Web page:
Our job day in and day out is to make college and graduate school admissions more transparent and help students and their families navigate the complicated terrain so they have choices in their education. Even flawed rankings add to the conversation, add data to the process and bring up talking points families might not have considered previously.

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We specialize in securing all types of aircraft loans. Perfect credit and a perfect asset will secure low rate, long term competitive aircraft financing. Credit not so great? That’s ok! We also offer competitive asset based aircraft loans for all types of aircraft; Cessna, Piper, Beechcraft, Citation, Cirrus, Gulfstream, Hawker, Learjet, Mooney, Bonanza, and some experimental aircraft. There is no minimum and no maximum on the aircraft loan amounts.

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The Student Loan Finance Corporation #fha #home #loan

#student loan corporation

The Student Loan Finance Corporation

Servicing Students and Lenders

Student loans are big business. In many instances, smaller lenders and student loan providers are challenged by integrating the resources necessary to manage an increasingly complex market. The Student Loan Finance Corporation (SLFC ) is known in the industry as a secondary market a kind of clearinghouse for student loans. It has a three-decade history in providing seamless account management of student loans, and works in tandem with community banks and hundreds of schools nationwide.

Whenever you are considering taking out a private loan, remember to exhaust all other resources first: federal loans, school financial aid, grants and scholarship opportunities. Private loans are based on your credit-worthiness and you may need a cosigner to obtain the loan. Interest rates are usually higher than the rates for federal loans, and come with variable rates that could change monthly. The advantage, of course, is that you can fill in the financial gaps when all of your resources combined just aren t enough.

Products and Services

Since the SLFC is a secondary market for student loans, the corporation is limited in what it can offer students directly. However, you can apply through SLFC for a number of private student loans, often also known as alternative student loans. Private loans are awarded according to credit status and, if approved, you can typically borrow as little or as much as you need to augment the financial backing you have already acquired. As with other providers, you will be expected to apply for federal student loans first before you apply for private loans.

The SLFC offers iHELP Student Loans that cover any college costs that aren t covered by the student s financial aid (scholarships, grants and federal student loans). Any full or part-time college student who has already maxed out their financial aid can qualify for an iHELP loan. The iHELP program is sponsored by the Independent Community Bankers of America (ICBA) representing nearly 5,000 banks of all sizes and charters in 23,000 locations nationwide. The ICBA sponsors the iHELP program through their member banks, and hundreds of schools work with the SLFC, so you need to make sure your school is eligible to accept and process iHelp loans.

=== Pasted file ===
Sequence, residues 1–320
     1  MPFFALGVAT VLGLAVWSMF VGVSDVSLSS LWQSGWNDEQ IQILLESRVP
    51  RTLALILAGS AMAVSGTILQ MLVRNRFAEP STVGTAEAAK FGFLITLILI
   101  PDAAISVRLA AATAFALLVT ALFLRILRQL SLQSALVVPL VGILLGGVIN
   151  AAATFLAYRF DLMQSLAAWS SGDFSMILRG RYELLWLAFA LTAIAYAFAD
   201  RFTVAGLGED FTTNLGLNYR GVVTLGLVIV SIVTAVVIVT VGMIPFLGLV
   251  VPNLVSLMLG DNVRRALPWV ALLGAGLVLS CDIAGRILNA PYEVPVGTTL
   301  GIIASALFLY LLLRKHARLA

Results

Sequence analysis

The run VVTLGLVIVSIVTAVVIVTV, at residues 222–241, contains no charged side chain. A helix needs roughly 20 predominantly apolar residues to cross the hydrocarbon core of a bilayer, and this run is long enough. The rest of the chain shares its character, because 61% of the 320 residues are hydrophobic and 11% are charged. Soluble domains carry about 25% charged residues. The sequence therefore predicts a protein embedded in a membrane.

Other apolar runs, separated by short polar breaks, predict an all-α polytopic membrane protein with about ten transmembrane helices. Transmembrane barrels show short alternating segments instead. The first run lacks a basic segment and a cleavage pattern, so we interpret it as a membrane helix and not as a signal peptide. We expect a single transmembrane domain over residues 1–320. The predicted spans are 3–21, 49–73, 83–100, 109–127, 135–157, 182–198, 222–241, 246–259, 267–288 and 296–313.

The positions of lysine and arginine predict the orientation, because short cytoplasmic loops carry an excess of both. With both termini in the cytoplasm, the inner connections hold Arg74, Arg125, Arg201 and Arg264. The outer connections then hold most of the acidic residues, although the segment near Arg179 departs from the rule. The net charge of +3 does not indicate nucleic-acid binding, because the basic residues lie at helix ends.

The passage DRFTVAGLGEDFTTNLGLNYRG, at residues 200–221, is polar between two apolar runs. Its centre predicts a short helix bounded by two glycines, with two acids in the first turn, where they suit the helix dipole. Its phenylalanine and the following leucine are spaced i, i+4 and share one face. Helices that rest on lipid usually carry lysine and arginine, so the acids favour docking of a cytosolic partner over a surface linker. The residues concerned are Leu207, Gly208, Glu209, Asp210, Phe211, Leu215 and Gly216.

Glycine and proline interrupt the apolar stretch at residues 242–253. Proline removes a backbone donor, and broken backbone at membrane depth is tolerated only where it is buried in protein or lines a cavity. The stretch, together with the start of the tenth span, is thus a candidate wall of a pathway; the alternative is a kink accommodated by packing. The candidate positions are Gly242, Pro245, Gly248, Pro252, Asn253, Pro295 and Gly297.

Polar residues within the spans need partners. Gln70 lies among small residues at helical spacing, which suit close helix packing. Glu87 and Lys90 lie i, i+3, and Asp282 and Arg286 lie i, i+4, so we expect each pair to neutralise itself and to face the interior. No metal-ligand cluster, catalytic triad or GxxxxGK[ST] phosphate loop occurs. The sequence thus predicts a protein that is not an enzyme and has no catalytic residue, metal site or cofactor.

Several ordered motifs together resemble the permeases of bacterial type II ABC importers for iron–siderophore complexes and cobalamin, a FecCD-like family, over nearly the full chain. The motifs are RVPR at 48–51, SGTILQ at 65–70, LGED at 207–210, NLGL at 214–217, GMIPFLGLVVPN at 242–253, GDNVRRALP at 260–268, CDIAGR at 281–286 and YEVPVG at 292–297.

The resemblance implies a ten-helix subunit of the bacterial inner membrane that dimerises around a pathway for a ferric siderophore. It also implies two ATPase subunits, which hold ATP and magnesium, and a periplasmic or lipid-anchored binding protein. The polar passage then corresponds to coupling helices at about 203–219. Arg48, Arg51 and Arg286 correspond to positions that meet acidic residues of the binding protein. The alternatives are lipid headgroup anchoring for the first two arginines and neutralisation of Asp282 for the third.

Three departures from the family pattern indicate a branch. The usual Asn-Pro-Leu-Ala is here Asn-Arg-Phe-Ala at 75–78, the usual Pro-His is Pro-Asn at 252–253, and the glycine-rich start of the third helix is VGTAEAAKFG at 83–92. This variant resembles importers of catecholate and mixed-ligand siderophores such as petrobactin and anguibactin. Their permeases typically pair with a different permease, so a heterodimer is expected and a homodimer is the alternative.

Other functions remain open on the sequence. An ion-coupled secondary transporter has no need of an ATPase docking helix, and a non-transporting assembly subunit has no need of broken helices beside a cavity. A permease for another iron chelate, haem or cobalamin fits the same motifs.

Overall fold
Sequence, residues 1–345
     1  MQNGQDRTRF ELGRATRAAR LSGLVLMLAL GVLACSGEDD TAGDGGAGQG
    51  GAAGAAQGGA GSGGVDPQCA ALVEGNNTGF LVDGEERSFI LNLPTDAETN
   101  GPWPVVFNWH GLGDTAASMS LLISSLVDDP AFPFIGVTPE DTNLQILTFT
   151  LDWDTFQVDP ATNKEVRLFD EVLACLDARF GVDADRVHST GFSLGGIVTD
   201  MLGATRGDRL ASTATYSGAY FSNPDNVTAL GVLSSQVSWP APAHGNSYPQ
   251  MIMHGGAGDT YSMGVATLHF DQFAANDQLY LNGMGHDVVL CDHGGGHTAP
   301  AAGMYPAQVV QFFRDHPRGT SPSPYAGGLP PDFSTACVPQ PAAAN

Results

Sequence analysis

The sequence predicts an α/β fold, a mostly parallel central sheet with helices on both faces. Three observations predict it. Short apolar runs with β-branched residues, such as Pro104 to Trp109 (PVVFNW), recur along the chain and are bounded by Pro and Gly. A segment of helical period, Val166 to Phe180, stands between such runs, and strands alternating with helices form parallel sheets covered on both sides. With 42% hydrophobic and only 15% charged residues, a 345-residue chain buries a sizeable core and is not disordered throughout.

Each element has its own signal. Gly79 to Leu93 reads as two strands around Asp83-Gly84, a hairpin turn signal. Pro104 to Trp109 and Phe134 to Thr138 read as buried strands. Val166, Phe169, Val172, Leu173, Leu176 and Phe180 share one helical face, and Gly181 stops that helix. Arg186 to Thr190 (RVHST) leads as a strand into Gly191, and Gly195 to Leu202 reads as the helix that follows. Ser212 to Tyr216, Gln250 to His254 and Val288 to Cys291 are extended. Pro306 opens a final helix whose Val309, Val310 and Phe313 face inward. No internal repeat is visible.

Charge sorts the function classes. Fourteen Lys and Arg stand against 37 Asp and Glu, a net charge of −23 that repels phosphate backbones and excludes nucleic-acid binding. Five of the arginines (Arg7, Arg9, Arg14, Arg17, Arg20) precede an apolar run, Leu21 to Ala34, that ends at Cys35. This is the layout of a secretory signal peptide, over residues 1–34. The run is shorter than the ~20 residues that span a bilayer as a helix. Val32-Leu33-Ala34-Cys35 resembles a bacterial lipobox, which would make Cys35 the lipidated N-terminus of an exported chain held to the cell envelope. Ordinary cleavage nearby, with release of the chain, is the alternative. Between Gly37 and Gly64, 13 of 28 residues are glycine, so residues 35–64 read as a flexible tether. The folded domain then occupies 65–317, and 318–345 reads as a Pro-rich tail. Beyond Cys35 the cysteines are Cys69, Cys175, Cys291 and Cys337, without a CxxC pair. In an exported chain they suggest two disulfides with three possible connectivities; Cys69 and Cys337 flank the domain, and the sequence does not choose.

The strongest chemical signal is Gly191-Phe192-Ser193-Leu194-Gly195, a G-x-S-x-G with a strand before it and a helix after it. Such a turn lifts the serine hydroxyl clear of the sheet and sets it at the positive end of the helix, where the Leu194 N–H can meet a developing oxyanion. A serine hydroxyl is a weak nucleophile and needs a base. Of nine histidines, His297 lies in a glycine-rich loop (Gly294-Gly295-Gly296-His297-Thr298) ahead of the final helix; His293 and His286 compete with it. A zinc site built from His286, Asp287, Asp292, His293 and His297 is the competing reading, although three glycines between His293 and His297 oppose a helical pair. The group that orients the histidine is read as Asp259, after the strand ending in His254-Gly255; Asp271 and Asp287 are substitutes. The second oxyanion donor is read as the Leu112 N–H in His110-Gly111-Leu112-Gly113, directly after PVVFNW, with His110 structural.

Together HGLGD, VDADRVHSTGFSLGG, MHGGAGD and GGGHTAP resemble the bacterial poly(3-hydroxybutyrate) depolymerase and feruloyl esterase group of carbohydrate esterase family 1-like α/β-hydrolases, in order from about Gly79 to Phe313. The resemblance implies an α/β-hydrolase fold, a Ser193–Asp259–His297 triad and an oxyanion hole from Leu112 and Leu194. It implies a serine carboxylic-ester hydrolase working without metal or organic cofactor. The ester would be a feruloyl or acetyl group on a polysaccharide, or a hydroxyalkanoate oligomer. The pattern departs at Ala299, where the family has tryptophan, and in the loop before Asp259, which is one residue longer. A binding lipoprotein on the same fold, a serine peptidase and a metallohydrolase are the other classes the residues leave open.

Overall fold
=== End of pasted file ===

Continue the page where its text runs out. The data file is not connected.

In the past, SLFC offered affordable and easy student loan consolidations, but the program is no longer available.

Planning for College with SLFC

A feature of the SLFC is their online college planning tools. Do you need to know more about the nitty-gritty of financial aid? Are you confused about the types of student loans available and which ones are right for you? Access valuable how-to s on the federal loan programs, including grants and even scholarship opportunities.

Online planning tools guide you through the steps you need to strategize for college as early as your freshman year in high school, with savings tips and checklists. It offers advice on choosing a college, what to expect as an in-coming undergraduate or graduate, as well as career assessment advice. Calculators can assist you in estimating your college expenses and the final loan balances you can expect in advance.

The Ins and Outs of Military Car Loans #current #auto #loan #rates

#military loans

The Ins and Outs of Military Car Loans | by Ho Lin

So the time has come to purchase that vehicle you’ve had your eye on — but what kind of loan should you get to pay for it? Any quick search on the Internet brings up literally hundreds of companies that offer loans, and some also offer military car loans. What are these military car loans about, and what advantages do they offer? Read on.

The main differentiator between a military car loan and a regular car loan is simple: the military car loan is only for those who are currently serving on active duty, or are a military retiree (20 years or more served). But what sets them apart from the usual car loan?